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P089: Does the use of ultrasound improve diagnosis during simulated trauma scenarios?

  • D. McLean (a1), L. Hewitson (a1), D. Lewis (a1), J. Fraser (a1), J. Mekwan (a1), J. French (a1), G. Verheul (a1) and P.R. Atkinson (a1)...

Abstract

Introduction: Point of care ultrasound (US) is a key adjunct in the management of trauma patients, in the form of the extended focused assessment with sonography in trauma (E-FAST) scan. This study assessed the impact of adding an edus2 ultrasound simulator on the diagnostic capabilities of resident and attending physicians participating in simulated trauma scenarios. Methods: 12 residents and 20 attending physicians participated in 114 trauma simulations utilizing a Laerdal 3G mannequin. Participants generated a ranked differential diagnosis list after a standard assessment, and again after completing a simulated US scan for each scenario. We compared reports to determine if US improved diagnostic performance over a physical exam alone. Standard statistical tests (χ2 and Student t tests) were performed. The research team was independent of the edus2 designers. Results: Primary diagnosis improved significantly from 53 (46%) to 97 (85%) correct diagnoses with the addition of simulated US (χ2=37.7, 1df; p=<0.0001). Of the 61 scenarios where an incorrect top ranked diagnosis was given, 51 (84%) improved following US. Participants were assigned a score from 1 to 5 based on where the correct diagnosis was ranked, with a 5 indicating a correct primary diagnosis. Median scores significantly increased from 3.8 (IQR 3, 4.9) to 5 (IQR 4.7, 5; W=219, p<0.0001).Participants were significantly more confident in their diagnoses after using the US simulator, as shown by the increase in their mean confidence in the correct diagnosis from 53.1% (SD 22.8) to 83.5% (SD 19.1; t=9.0; p<0.0001)Additionally, participants significantly narrowed their differential diagnosis lists from an initial medium count of 3.5 (IQR 2.9, 4.4) possible diagnoses to 2.4 (IQR 1.9, 3; W=-378, p<0.0001) following US. The performance of residents was compared to that of attending physicians for each of the above analyses. No differences in performance were detected. Conclusion: This study showed that the addition of ultrasound to simulated trauma scenarios improved the diagnostic capabilities of resident and attending physicians. Specifically, participants improved in diagnostic accuracy, diagnostic confidence, and diagnostic precision. Additionally, we have shown that the edus2 simulator can be integrated into high fidelity simulation in a way that improves diagnostic performance.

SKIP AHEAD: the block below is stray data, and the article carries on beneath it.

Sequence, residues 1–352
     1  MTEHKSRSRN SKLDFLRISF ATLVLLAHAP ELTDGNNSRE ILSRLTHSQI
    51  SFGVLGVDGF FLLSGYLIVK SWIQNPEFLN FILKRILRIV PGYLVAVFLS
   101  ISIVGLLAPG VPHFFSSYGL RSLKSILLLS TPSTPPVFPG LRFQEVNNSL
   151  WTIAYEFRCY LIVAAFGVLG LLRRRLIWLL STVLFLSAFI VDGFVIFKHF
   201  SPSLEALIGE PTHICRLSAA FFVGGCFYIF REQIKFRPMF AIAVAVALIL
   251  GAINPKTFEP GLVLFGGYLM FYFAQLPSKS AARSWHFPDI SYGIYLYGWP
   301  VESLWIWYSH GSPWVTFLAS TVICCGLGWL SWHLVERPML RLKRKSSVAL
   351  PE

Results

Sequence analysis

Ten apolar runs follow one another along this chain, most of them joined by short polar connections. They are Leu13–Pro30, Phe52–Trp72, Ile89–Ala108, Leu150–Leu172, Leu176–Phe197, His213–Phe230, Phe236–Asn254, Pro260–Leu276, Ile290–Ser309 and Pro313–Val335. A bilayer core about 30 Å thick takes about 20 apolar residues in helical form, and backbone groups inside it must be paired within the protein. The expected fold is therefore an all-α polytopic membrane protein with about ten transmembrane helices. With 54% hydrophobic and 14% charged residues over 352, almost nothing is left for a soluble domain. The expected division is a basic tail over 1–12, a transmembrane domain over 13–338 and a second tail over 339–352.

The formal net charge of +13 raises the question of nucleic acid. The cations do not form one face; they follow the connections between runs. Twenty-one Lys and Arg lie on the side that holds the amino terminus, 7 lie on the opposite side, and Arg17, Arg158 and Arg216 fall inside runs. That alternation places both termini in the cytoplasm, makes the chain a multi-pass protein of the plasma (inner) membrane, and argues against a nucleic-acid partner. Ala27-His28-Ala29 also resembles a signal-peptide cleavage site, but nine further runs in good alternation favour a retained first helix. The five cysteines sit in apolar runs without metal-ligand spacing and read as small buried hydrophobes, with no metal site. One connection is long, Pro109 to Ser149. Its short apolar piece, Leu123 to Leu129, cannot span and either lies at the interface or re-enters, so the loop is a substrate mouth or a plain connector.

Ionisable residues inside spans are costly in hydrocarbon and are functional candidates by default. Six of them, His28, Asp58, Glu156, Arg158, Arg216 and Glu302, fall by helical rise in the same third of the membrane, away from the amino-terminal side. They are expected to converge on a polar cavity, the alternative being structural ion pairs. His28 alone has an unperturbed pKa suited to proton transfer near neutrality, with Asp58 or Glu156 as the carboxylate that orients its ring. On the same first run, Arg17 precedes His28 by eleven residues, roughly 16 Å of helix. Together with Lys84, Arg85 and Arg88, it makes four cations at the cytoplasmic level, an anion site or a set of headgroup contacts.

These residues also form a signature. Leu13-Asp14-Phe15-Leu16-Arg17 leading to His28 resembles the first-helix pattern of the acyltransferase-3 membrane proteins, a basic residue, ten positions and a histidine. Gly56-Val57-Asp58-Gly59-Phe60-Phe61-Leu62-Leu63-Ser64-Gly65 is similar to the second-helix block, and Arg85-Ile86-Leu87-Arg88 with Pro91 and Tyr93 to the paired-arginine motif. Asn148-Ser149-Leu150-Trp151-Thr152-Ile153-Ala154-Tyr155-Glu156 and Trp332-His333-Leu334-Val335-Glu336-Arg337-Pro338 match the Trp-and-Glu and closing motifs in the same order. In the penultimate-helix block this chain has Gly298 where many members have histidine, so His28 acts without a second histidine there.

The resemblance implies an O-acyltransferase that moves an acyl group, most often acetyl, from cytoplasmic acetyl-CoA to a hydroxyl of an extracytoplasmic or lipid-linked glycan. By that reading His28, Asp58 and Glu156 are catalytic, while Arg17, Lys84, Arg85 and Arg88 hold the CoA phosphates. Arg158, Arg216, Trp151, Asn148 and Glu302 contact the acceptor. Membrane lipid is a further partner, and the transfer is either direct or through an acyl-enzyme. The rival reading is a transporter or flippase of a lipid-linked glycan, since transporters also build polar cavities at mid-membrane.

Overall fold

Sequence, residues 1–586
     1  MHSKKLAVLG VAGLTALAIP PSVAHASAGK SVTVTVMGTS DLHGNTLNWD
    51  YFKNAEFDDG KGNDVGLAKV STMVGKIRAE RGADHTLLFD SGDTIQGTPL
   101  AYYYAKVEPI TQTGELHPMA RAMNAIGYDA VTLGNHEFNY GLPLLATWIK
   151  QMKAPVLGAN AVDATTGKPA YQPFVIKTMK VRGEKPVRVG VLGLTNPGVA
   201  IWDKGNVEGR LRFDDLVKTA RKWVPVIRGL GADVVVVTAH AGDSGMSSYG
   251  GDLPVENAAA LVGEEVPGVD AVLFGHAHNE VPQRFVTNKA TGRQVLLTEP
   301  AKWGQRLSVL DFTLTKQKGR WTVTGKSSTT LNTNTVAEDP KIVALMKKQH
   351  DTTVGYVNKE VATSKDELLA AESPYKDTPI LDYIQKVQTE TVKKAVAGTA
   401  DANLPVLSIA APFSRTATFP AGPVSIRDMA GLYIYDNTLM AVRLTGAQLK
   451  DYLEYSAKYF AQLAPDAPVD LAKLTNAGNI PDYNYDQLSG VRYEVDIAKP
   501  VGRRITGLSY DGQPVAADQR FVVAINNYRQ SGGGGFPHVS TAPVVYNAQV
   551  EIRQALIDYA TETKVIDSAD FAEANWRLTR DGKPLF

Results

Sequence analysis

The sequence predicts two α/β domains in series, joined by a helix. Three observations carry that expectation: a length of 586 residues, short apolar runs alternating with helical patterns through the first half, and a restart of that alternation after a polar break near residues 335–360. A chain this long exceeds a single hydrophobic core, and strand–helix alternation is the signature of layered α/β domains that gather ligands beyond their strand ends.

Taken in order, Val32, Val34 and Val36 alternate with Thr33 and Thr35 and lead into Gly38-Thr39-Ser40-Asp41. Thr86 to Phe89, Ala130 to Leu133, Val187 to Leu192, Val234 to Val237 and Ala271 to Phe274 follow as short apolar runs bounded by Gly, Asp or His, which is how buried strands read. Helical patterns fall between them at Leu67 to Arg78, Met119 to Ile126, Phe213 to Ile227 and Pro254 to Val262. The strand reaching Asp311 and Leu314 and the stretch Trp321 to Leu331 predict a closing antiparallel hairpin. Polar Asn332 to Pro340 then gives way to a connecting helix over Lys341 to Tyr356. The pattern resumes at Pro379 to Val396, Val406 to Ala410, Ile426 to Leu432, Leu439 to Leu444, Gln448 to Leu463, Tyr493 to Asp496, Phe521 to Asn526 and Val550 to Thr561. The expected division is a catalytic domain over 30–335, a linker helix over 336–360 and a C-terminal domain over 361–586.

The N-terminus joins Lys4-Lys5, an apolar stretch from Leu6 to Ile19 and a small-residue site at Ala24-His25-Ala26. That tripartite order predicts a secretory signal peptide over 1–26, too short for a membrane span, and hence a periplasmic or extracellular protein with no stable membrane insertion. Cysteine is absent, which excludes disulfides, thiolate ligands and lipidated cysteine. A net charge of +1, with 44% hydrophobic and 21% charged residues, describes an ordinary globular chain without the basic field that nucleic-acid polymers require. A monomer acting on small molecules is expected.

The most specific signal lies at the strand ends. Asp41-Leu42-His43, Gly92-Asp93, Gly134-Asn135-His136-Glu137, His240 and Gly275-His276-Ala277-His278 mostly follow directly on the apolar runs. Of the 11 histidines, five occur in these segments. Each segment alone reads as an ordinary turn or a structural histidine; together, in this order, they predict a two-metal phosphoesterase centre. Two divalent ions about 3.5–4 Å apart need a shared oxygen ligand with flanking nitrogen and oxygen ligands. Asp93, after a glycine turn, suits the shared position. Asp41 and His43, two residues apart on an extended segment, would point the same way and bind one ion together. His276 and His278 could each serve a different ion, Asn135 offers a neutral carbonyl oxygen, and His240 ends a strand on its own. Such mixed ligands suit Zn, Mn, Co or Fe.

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P089: Does the use of ultrasound improve diagnosis during simulated trauma scenarios?

  • D. McLean (a1), L. Hewitson (a1), D. Lewis (a1), J. Fraser (a1), J. Mekwan (a1), J. French (a1), G. Verheul (a1) and P.R. Atkinson (a1)...

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